THE BLOG
10/09/2014 05:52 pm ET Updated Dec 08, 2014

Greetings From Canadensis

He is still out there--three weeks now. Hiding in a glen filled with moss and night. Or caught in that bear den. No warm fires. No shots anywhere. Just out there hugging the barrel of a cold AK47.

Nearby, at our campsite, the caretaker found a BMW wagon parked all alone. Two people, a man and a woman, had pulled in to the lodge. They were spotted by an elderly couple staying on the camp. The elderly couple called the caretaker, and the caretaker called me. Upset, and rightfully so, because we have a psychopath on the loose.

Our caretaker wanted to know: "Should I call 911?" And I told him yes. I told him: "Get a trooper out there. And get those people out of that forest." So he did this. He called the troopers, and it took about two hours (they are busy), but they came and checked it all out. And again, it was a terrible waste of their time. Like every call they must get now, for the survivalist walks among us and he has terrified the woods.

It was nothing serious. A couple. Two young lovers. Beautiful friends. Campers. Naturalists without fear. Down below the waterfalls where an AK47 can't be heard.

Our property, so I am told, is a straight shot through the mountains to Canadensis, where the police and FBI are concentrating their efforts. At night, when the full moon hits--the eclipse and the red moon--we scan the brush and the edges of the forest. We listen to the direction of the wind. There is nothing more telling, deer and dog know it too, no one whispers more secrets than the wind. We watch for moving shadows, any shadows that dance the wrong waltz.

I suspect he will be in the trees. He will be anywhere and everywhere this Halloween. Our bogeyman, Americans--pray he be captured by the time the pumpkins start to rot.

We are dealing with a very dangerous man--so remember us. This Frein is on the loose in my backyard, and in the mountains of very complicated state. Mine, and thousands of others in Penna, have no idea if a man with an automatic weapon is about to step out of those lunar shadows and gun down our families. We are dealing with death every day he is out there. And the fear permeates everything--thus far, three weeks.

The forests of Penna are like no other. They crack like an old face. They smile, but at any moment their teeth might fall out and crush you. There are trees here that defy gravity and cling to the walls of the Pocono Mountains, they fall and crush the ground and their roots are as tall as your mansion. In spring, the rocks weep and provide fresh water and an abundance of edible plants. Winter will be harder, more dangerous for us if he survives because he will have to hunt like a racoon, in the trash of man. He will come in contact, a psychopath with survival skills and the hunger to use them--he will contact people.

These walls are so old, they can withstand a killer. They can withstand a fisherman, a hunter, a gatherer, good with tools and a hatchet probably. Good with zippers, buttons, snaps, knee patches, velcro, thermal wear and spark plugs--who knows. His bag of tricks has thus far eluded his capture--and that is our horror to bear. Killer of police. Killer of a good father. Frein--he is a psychotic coward.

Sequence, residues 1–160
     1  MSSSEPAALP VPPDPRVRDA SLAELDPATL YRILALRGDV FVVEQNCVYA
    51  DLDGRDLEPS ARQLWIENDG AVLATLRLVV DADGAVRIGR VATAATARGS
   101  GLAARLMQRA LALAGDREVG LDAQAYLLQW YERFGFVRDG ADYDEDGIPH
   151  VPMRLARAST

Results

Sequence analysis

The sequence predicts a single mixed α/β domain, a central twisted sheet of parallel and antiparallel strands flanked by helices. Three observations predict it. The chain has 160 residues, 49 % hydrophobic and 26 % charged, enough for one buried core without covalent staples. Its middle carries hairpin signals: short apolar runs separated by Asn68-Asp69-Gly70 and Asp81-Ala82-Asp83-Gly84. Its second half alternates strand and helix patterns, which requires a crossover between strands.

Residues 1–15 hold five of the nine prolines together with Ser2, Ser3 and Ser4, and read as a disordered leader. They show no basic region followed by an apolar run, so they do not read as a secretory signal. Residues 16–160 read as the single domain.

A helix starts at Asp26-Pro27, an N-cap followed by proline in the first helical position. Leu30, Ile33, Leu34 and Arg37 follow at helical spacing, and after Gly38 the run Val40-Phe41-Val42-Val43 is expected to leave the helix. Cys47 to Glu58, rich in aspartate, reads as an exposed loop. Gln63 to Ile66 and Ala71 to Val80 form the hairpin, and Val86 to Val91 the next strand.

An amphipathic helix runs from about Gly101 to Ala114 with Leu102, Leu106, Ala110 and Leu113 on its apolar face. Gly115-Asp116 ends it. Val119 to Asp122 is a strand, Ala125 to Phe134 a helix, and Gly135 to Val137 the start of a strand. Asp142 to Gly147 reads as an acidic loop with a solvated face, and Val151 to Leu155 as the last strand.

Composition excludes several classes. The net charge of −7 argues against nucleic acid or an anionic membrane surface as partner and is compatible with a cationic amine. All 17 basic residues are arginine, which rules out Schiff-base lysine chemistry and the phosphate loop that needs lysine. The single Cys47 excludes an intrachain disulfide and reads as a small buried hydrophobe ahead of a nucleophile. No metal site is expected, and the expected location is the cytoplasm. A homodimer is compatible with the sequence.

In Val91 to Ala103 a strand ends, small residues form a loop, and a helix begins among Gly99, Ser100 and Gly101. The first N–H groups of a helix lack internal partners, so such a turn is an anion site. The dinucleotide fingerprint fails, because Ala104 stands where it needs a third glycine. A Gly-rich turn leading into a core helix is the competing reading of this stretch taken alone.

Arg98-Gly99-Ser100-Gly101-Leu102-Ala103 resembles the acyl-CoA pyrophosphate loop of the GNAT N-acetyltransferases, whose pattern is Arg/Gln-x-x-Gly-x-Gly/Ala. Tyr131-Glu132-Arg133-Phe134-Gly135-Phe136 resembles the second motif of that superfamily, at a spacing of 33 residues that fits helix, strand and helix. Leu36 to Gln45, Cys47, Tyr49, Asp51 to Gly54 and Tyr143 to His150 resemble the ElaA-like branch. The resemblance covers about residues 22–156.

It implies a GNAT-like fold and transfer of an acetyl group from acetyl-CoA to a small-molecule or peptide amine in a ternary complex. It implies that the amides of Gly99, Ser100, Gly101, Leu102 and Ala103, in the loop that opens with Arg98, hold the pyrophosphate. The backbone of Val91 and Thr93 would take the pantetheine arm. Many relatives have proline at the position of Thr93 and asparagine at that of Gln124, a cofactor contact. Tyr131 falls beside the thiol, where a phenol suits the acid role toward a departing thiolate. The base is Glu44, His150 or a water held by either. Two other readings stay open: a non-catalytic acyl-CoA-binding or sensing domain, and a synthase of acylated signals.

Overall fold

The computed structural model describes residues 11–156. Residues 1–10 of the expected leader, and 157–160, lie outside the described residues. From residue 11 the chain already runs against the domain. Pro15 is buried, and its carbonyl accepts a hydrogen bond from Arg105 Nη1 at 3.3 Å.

For the pain he left behind, for the lives of officers Bryan Dickson and Alex Douglass, their families, our America. We must find and disarm him.

He wants to kill again, Frein. They all do--this man who hates America, but thinks himself a patriot--a sniper of police, a cold-blooded killer, displays his horrible war games on Penna state troopers and gets away. He is waiting for that moment--fight or flight. Semper Fi playtime--as he was never a vet, but he liked to play one on video. And he has a vendetta--authority. Vietnam.

He leaves a letter detailing how he killed the troopers and got away with it. A trooper imagined he spotted Frein--and in flew helicopters, armoured vehicles, SWAT teams, an arsenal of weapons, the entire military process of policing in 2014. Echoes of Ferguson, MO--but in the service of humanity, and in the case of disarming a man with an AK47, very justifiable. For one man with an AK47, you do need an arsenal of vests and armour to keep an innocent cop's lungs breathing, heart pumping.

Remember this when it comes time to question your position on automatic weapons, the NRA, maybe a very small revision to our Second Amendment that strengthens mental health checks and tighter restrictions on all gun sales. The fight to save troopers like Dickson and Douglass, and all American citizens from gun violence, must shift to safety, training, and respect for the law of the land and the tools that can destroy life.

We have just lost a beautiful Pennsylvania son, one who lived and died in the service of our safety, and we've seen another critically injured by a psychotic sniper. There is an open and infected wound in Pike and Monroe Counties, Penna. I believe the scar will never heal until we practice restraint, and restore our obligation to the safety of future lives.